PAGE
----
A faulty boiler can have several knock-on effects. It can cost more to run, leave you without heat in the winter and, at worst, is dangerous. So how do you know which boiler issues are minor and which require more urgent action? The following advice has been sourced from British Gas which has looked at the most common boiler problems and given each a priority rating. 'Low' signifies it’s a minor issue, 'High' means you’ll need a gas engineer as soon as possible.
1. My heating and/or hot water isn’t working
A pressure or thermostat issue may be behind your heating or hot water not working. These can be simple to fix – see points 2 and 8 below. Alternatively, a broken part, such as a diaphragm or valve could be responsible, or it could be an airlock in the system. If you’ve addressed any pressure or thermostat problems and you’re still not getting heat or hot water, a registered engineer will be able to help diagnose other causes and fix them. Not dangerous but not ideal.
2. My boiler has lost pressure
Your boiler pressure should sit at 1.5 bar . If you’re having trouble getting heat from your system, low pressure could be the culprit. It’s easy to diagnose through a quick check of your boiler gauge and is usually easy to fix. Lost pressure is a nuisance, but it’s not life-threatening. If you can’t put it right yourself, give a an engineer a call.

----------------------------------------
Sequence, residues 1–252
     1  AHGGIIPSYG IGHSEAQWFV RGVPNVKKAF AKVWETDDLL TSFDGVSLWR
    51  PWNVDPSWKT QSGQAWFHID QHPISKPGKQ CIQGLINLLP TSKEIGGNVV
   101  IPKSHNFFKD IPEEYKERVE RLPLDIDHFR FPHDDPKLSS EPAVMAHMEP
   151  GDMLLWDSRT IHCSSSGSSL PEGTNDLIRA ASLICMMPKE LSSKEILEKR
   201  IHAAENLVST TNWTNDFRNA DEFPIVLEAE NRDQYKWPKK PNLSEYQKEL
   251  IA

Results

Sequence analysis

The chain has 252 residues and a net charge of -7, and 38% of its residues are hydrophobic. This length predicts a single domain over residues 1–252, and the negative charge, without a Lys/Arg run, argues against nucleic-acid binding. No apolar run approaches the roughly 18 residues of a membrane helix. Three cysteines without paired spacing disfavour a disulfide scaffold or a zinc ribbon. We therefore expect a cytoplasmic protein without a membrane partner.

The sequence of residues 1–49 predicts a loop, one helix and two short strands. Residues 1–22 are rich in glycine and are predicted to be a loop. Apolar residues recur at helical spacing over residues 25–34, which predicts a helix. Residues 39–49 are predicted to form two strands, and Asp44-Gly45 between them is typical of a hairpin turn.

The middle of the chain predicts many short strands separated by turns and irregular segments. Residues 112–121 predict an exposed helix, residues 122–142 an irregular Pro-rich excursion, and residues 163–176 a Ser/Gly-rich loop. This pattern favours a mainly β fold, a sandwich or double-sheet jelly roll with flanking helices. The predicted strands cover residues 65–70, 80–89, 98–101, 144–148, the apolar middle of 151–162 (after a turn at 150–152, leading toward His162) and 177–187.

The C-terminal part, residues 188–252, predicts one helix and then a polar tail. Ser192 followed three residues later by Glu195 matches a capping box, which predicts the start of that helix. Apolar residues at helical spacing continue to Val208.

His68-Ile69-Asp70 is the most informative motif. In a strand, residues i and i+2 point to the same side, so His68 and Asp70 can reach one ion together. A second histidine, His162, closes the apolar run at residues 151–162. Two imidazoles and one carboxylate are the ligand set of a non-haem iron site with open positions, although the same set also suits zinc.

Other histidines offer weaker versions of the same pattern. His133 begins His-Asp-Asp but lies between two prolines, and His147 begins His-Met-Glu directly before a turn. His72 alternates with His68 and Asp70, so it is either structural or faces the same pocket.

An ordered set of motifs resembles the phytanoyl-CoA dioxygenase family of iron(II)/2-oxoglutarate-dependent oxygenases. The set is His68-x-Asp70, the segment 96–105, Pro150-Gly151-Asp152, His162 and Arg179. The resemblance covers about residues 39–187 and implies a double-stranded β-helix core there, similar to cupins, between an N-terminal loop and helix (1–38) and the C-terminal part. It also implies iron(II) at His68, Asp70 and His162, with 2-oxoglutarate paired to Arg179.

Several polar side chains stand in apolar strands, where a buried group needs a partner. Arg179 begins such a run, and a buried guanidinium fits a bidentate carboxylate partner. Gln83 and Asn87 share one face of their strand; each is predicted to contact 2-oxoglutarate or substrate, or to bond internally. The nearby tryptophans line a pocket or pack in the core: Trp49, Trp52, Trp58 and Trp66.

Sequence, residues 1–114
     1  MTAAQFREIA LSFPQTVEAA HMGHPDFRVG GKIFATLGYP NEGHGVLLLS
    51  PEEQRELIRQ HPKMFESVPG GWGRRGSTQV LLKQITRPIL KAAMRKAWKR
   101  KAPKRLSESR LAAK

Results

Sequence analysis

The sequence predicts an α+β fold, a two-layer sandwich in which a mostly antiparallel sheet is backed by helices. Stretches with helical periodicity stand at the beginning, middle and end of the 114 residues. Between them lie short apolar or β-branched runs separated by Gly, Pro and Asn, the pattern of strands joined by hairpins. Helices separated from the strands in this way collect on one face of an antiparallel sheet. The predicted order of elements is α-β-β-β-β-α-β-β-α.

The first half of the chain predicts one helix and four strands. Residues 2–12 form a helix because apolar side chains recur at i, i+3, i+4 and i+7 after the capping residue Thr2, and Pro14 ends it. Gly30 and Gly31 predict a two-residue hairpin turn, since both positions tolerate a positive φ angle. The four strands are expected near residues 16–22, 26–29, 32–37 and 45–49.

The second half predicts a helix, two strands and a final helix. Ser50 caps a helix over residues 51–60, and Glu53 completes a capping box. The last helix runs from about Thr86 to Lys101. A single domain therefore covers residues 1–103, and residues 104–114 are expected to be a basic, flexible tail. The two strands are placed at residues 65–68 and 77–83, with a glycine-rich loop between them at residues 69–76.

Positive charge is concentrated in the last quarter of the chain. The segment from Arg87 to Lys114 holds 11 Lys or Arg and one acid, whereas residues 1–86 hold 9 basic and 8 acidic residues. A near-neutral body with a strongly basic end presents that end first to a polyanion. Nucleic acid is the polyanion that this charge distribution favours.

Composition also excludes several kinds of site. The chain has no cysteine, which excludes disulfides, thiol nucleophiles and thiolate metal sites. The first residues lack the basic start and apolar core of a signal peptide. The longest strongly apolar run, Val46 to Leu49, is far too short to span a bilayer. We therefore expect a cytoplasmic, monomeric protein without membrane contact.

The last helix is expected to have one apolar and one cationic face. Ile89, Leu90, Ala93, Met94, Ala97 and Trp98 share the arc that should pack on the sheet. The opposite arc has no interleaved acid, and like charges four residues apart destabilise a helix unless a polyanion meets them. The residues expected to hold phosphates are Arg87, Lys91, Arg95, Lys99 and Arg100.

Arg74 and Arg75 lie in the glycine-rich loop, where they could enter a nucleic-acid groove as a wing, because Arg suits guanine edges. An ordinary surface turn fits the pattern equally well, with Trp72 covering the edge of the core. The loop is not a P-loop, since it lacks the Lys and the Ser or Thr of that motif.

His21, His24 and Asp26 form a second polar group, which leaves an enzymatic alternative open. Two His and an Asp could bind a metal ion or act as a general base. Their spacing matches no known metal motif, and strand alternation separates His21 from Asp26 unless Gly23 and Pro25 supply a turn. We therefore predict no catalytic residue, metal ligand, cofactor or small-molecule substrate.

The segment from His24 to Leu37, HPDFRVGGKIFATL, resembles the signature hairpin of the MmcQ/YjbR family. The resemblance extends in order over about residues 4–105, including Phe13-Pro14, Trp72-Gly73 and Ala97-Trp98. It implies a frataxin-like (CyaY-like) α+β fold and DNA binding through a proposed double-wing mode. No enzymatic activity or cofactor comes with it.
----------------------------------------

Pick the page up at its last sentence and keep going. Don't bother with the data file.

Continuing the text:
3. My boiler is leaking water
You should never see water coming from your boiler. If you do, it might be a sign that an internal part has failed. While it’s not necessarily dangerous, you should switch off your boiler to prevent your electrics short-circuiting and to stop water damaging your home or belongings. Don’t try to fix a boiler leak yourself. Always let a gas engineer take a look.
4. My boiler is making a lot of noise
Gurgling, banging or whistling sounds should probably be looked at. They’re likely to be caused by air or a build-up of material inside your central heating. It’s not a dangerous situation but if left unattended, a build-up could lead to a boiler breakdown and expensive repairs.
5. My condensate pipe is frozen
Frozen pipes are a common cause of boiler shutdown, but the issue should resolve itself once the pipes thaw. You can try unfreezing them yourself by pouring hot (but not boiling) water on the pipe end. A hot water bottle or other form of heat wrap might also work. After a while, switch the boiler off and on again and if it’s still not working, contact an engineer.
6. My thermostat isn’t working
A faulty thermostat isn’t dangerous, but it is annoying. So make a few simple checks – have the timings been accidentally changed or the temperature settings adjusted? Try increasing the temperature on the thermostat controls to see if it triggers the boiler into action. If it doesn’t and the thermostat seems to have become less accurate, or started doing its own thing, it might be time to replace it.
7. My boiler keeps turning itself off
Low pressure, a thermostat issue, or maybe lack of water in the system could cause your boiler to switch itself off. If you can’t identify the source of the problem, a gas engineer will. As with all boiler faults, it’s better to nip it in the bud.